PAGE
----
Last Wednesday we made the trek to St. Norbert for our last chance at herding before the trial at the end of the month.
On the weekend we went down to Bottineau, ND where I purchased a stock stick so now I look like I know what I am doing. My stick is plain white with a black handle and it’s nothing fancy – it cost $13.99(USD) – but it’ll do.
After Bear’s sheep biting episode the last time we went herding, I decided that I would approach herding like I try to approach other high arousal situations. We did some settle work before it was our turn and in between runs. We played the “look at that” game with the sheep and were generally able to keep the barking down to a bare minimum outside the working area.
This week the sheep we were working with were less cooperative than they have been before – meaning that the instant we walked in, they ran to the other end of the field and when we walked towards them, they bolted again. Bear was in quite the lather by the time everyone was settled enough to let him off leash. He managed to hold his stay, round up the sheep and bring them to me….then we actually tried a Herding Tested course which involves walking around the ring through 4 panels. The sheep were so sensitive that they did a lot of running which turns Bear’s prey drive on big time! However, I managed to position myself (by running) close enough to him that I could tell him to ease off with a verbal cue. I had to do this a lot and by the end of the run, between the running and hollering ‘easy’ I was tired and my throat ached. That being said, Bear was very reasonable with the sheep – not nearly as much dive bombing. Quite a few times, he tried to come around and head them off at the front but apparently, this was because I was using too much pressure to get him back off the sheep which meant he naturally moved to the pressure-free zone up front. Even with the flighty sheep, we were actually able to move them sheep around reasonably getting at least one sheep through each panel which would be a qualifying round at the herding tested level.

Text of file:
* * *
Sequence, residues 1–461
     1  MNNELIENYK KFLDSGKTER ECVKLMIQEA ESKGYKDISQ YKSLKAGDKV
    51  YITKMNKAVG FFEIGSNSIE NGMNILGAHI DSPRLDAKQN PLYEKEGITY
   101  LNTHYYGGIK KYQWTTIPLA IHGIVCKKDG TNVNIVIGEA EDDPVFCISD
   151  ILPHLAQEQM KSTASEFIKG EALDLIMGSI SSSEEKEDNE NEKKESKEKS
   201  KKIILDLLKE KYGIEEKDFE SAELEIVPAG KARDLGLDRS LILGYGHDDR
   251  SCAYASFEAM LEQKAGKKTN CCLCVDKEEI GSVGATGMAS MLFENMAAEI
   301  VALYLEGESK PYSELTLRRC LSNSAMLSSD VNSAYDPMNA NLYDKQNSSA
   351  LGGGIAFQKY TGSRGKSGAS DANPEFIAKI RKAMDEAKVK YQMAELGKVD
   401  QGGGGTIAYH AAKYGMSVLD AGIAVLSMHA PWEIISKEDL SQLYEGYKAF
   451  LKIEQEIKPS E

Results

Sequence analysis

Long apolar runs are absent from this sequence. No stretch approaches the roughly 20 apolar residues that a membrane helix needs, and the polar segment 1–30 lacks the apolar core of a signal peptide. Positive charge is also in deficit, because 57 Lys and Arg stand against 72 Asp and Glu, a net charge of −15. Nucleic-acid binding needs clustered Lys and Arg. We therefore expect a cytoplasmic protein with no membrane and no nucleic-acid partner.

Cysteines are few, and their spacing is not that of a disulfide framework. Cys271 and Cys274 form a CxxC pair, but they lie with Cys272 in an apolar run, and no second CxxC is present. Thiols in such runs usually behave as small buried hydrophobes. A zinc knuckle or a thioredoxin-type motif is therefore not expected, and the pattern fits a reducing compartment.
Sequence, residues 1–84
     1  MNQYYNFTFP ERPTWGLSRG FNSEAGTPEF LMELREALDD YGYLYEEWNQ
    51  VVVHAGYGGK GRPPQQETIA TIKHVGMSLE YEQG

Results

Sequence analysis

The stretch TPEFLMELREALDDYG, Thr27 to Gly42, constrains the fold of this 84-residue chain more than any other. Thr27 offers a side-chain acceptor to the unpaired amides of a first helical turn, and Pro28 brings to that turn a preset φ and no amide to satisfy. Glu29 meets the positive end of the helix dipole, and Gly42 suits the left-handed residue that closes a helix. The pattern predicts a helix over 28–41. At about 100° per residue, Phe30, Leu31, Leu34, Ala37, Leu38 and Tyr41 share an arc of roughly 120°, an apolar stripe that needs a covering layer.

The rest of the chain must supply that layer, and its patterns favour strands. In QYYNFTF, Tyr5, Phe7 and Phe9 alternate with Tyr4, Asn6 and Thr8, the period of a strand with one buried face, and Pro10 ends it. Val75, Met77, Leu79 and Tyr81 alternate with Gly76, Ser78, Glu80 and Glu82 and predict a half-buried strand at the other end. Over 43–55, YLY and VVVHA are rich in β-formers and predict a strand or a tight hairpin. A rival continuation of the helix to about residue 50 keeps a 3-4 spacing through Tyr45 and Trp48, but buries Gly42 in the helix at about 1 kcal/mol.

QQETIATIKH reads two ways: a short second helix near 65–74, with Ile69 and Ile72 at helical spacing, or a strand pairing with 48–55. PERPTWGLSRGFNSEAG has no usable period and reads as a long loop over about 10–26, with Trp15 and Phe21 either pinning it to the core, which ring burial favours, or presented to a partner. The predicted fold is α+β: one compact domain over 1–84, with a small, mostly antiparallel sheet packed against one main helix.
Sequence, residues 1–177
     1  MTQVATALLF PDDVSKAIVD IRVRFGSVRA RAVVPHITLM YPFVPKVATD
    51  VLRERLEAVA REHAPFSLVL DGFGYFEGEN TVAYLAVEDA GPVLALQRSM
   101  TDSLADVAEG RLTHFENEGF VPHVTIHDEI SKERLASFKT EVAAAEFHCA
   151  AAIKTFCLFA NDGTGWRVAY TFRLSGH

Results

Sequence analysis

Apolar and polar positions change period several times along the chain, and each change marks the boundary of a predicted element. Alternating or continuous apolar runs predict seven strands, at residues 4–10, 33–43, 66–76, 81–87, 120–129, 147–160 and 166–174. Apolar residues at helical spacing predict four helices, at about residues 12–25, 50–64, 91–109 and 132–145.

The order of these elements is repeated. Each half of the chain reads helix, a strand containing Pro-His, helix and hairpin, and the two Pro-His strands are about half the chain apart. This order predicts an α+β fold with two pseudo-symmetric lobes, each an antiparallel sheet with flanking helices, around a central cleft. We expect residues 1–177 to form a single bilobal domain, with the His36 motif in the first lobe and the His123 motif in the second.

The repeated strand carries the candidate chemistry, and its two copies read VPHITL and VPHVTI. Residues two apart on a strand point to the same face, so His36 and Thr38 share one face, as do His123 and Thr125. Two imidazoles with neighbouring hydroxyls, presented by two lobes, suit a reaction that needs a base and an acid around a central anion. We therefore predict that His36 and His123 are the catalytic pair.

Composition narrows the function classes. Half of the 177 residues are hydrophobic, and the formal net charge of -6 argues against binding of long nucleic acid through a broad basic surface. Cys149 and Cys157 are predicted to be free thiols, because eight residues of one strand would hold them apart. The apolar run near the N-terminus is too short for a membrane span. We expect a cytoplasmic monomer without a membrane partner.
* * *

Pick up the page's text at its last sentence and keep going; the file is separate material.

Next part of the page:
The second time around, we were on the same sheep, the dog before us had a real hard time moving the sheep off of the fence. They would stand and stare at him, even when he was literally standing with his nose almost close enough to sniff their bums. I was worried about these flighty sheep turned sticky because I didn’t know how Bear would handle things. Would he bite? Would he dive bomb? Turns out he did neither. He shoved his shoulder in between sheep and fence and nipped at the sheep, but not the high arousal, clamp down kind of bite like before. The instructor said this was acceptable, given the sheep’s reluctance to move. It took us a few tries to get the sheep off the fence but we managed to do it, get them around the course again and return them to their favorite pen. Bear was much more responsive this time, almost no barking.
This is it for us and sheep before the trial at the end of the month. I entered 4 Herding Tested runs and hopefully will come home with a herding tested title, if not, at least we would have had the chance to get out on sheep 4 times with a knowledgeable person. Hopefully I can convince someone to come with me to be my personal videographer/photographer.